A vengeful spirit has taken the form of the Tooth Fairy to exact vengeance on the town that lynched her 150 years earlier. Her only opposition is the only child, now grown up, who has survived her before.
Emma Caulfield Ford,
Fourteen-year-old J goes by the pronoun 'They' and lives with their parents in the suburbs of Chicago. J is exploring their gender identity while taking hormone blockers to postpone puberty... See full summary »
After witnessing a horrific and traumatic event, Julia Lund, a graduate student in psychology, gradually comes to the realization that everything which scared her as a child could be real. And what's worse, it might be coming back to get her...Written by
The explanation for why "They" target certain children and return later to hunt them down is ambiguous. One theory is that "They" are doing what human researchers do when we study a species which is to tag the specimen, release it, and later use the tracking device to find it again in order to chart its progress and development. Also similar to human researchers, "They" won't tag and study every single creature in the breed, just a random few to study in depth. See more »
When Julia's car stalls on the road, she is shown sitting in the car wearing a seatbelt. After she reaches into the glove compartment and pulls out a flashlight she is no longer wearing the seatbelt. See more »
I think our night terrors may not have been induced by emotional trauma at all. Maybe something really did come for us when we were kids and planted something in us and, whatever it was, it left a mark... just like that little girl's.
And now they're coming back?
Yes, and that's why the marks reappear! So that they can find us and take us back to the place in our night terrors... out of the light.
I know how it sounds.
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The work print features this alternate ending which is not available on DVD anywhere. When Julia is knocked out in the subway it cuts to 9 months later in a mental hospital. Julia convinces a panel of psychiatrists, including Dr. Booth, that she is cured. She sees one of the monsters climb through an air shaft in the ceiling, but continues to claim that "They" don't exist. She is released and goes home only to set up high-powered lights all over her apartment. The camera pulls out of her bedroom as she sits on her bed. A door creaks open in her darkened hall and it cuts to black. See more »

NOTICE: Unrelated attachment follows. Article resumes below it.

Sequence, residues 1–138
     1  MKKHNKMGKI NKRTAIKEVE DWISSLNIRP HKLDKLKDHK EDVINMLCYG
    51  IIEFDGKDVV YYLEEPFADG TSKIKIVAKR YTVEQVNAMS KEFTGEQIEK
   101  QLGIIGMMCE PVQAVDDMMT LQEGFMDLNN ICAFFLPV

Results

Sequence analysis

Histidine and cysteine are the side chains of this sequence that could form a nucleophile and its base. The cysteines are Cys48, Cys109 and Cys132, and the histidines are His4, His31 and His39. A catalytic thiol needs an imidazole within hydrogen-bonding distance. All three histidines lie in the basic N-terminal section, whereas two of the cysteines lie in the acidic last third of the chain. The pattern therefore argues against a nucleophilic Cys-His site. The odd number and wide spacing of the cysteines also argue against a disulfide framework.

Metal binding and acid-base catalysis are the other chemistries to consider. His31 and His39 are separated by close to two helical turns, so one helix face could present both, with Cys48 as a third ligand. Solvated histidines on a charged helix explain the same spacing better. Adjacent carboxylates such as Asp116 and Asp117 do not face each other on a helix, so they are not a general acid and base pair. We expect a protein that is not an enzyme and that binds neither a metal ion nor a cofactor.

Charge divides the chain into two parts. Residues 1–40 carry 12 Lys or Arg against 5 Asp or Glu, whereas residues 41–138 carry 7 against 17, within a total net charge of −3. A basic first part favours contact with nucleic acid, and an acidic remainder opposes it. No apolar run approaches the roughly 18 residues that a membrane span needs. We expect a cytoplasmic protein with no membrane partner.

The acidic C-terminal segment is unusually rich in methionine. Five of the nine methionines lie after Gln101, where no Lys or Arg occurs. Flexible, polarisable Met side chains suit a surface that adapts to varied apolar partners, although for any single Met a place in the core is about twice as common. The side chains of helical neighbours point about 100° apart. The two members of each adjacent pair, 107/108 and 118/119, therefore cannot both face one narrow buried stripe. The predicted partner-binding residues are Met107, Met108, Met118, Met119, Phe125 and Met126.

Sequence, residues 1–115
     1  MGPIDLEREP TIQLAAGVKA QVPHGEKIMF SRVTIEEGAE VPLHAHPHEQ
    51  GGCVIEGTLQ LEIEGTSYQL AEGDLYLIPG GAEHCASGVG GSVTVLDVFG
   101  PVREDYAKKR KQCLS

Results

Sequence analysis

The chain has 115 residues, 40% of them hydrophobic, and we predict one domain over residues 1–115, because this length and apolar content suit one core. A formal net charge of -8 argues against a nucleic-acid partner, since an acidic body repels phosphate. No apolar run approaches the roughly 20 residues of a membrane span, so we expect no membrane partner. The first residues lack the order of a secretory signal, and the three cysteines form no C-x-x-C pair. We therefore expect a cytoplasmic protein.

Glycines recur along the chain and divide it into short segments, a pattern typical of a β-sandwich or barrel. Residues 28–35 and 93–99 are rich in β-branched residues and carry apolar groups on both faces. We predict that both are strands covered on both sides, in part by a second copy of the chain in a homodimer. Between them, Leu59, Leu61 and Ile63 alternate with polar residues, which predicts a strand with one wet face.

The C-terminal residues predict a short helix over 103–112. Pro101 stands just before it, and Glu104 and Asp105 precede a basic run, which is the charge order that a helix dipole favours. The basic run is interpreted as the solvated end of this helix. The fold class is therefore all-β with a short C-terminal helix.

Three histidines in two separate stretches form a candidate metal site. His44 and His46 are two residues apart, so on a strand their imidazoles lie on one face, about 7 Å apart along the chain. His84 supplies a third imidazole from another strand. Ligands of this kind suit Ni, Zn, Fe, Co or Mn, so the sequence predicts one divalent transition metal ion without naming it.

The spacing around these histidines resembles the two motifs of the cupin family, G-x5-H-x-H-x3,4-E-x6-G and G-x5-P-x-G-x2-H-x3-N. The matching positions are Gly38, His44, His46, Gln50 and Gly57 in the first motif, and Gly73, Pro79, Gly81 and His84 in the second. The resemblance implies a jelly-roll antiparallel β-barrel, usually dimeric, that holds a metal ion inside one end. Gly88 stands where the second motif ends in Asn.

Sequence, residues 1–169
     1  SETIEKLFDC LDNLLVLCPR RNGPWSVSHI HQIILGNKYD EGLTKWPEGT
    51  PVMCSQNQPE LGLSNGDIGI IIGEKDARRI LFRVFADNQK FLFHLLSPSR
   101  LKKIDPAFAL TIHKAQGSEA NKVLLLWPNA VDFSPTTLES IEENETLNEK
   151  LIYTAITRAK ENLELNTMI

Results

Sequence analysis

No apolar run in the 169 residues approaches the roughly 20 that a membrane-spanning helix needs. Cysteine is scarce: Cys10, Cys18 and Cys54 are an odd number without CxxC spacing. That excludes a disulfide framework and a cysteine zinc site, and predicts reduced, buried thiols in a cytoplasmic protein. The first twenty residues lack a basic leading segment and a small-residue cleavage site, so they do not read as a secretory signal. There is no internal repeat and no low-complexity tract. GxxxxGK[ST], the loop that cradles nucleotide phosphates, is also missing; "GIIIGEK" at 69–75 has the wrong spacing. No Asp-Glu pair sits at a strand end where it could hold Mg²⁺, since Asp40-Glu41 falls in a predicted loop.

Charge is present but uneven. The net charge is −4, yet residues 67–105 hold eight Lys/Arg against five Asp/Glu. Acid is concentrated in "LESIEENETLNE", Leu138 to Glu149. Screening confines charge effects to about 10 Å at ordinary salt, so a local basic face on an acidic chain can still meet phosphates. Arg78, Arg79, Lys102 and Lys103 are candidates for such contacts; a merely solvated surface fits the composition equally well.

"They" is a surprisingly good thriller, the likes of which I haven't seen in quite some time. The concept of suspense seems to be something that the modern film industry has forgotten. Not so with "They". This movie lives and dies by its suspense.
There is a constant tension to the movie. Is she insane, or really being stalked by demons? Will they get her, or will she escape? Every single scene is dark and gloomy, providing plenty of opportunities for these dark demons to attack...even the ones that should be brightly lit. There's a true sense of isolation and hoplessness.
Having said all that, there is very little meat to this movie. It is basically the story of one woman fleeing from demons, both symbolicly and literally. We are never told where the demons come from, or where they go to, or what they want.... We never really see a lot of backstory, or resolution. It's just a chase. One long chase...but a suspenseful one.
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